The LGBT Community: The Need for an Anti-Discrimination Bill

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The need for an anti-discrimination bill for members of the LGBT community is large and the discrimination against LGBT identifying individuals extends far past the workplace and into the homes and communities. Only 11 states currently provide transgender victims with protection under hate crimes. In all other states, violent crimes against transgender individuals are prosecuted without a hate crime enhancement. Transgender individuals often find it hard to find employment and feel safe. Due to the job discrimination that most trans individuals experience, they may end up unemployed. The National Transgender Discrimination Survey published statistics that show 26% of transitioning transgender persons have lost their jobs as a result of extreme prejudice. Unsurprisingly, this same prejudice leads to trans individuals generating less income than the national average. The National Transgender Discrimination Survey reports that about 15% of all employed transgender persons make less than $10,000 a year, twice the national statistic of 7%. The survey showed that transgender people of color experience the most discrimination income-wise in the LGBT community with the statistic that 35% of all black transgender persons reported making less than $10,000 per year. According to the National Coalition of Anti-Violence Programs, 2012 saw the 4th highest number of anti-LGBT homicides overall, with the total coming to 25. Of these crimes, 73% of the victims were reported to be LGBT people of color, and 53% of the victims were reported as transgender women. Implementing anti-discrimination laws could allow the LGBT community to have more job security and protect them from homelessness and excessive violence. 47% of the overall LGBT identifying p...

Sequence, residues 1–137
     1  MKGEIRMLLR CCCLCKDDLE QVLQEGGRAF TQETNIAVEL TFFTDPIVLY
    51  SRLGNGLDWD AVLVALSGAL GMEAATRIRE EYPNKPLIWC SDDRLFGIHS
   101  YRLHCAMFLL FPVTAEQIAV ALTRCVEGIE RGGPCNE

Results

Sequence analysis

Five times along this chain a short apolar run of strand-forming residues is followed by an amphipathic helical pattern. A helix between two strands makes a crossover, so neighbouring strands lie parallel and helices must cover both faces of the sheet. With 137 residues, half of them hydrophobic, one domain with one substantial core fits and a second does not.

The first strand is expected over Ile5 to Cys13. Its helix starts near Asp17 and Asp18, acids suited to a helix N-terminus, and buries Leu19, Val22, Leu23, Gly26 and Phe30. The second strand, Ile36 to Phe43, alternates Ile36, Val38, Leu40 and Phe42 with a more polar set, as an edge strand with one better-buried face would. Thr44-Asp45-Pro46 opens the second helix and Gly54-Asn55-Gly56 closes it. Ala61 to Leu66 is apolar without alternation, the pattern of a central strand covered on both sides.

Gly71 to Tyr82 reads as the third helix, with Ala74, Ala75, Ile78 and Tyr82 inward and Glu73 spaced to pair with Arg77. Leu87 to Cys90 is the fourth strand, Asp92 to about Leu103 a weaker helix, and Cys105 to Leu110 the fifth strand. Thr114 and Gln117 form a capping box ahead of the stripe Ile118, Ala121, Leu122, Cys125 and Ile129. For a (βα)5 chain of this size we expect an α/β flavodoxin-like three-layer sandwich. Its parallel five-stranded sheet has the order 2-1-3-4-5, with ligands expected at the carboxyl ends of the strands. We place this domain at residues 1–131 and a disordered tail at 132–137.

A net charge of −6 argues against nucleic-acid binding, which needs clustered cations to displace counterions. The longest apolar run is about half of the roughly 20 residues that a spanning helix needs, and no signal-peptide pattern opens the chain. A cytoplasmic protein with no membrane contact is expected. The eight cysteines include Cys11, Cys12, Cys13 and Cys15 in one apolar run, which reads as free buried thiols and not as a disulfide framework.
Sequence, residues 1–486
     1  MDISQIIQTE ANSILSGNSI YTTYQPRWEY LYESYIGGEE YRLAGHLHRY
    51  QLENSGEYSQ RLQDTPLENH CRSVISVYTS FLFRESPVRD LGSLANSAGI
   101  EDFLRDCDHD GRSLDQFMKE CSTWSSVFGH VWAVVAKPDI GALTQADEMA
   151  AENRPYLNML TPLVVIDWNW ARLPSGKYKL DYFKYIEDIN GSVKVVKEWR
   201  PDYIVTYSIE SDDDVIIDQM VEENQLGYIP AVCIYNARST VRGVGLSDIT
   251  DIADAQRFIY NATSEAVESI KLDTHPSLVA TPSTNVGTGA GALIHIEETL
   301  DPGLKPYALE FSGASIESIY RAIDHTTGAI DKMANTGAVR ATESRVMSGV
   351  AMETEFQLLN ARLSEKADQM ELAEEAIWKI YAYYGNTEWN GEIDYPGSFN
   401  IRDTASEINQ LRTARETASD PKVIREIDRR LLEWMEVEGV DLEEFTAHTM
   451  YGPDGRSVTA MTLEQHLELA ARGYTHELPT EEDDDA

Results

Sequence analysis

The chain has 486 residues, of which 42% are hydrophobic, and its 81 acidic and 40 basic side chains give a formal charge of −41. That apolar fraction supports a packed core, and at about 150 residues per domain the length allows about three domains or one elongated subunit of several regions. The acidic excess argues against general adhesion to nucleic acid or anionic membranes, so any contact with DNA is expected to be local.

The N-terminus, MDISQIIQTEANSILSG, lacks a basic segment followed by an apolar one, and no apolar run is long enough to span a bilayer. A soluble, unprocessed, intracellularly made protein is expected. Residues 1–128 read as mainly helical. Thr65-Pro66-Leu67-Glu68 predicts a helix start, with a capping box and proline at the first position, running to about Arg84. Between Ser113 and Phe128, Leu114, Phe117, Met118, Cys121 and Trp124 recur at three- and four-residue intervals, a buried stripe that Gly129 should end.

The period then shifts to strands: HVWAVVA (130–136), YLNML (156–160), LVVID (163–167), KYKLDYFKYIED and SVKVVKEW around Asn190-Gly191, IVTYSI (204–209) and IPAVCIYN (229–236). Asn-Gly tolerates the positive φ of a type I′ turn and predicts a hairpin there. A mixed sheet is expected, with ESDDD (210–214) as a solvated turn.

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...sing issues with lesbian and gay individuals along with protection for other minorities. While the Equality Act was not all inclusive, it had the right idea about what was needed to help improve the lives of people who are regularly discriminated against. According to, “ENDA is modeled on the Civil Rights Act of 1964, which prohibits employment discrimination based on race, religion, gender, national origin, and color, ENDA works within the boundaries of the Civil Rights Act to protect a group of people who have been historically and are currently discriminated against.” The fact that ENDA is directly modeled after the Civil Rights Act of 1964 correctly validates its cause. The LGBT community has always had to face discrimination on many levels and protecting these people with the law could help to curb a lot of the hatred this community receives.
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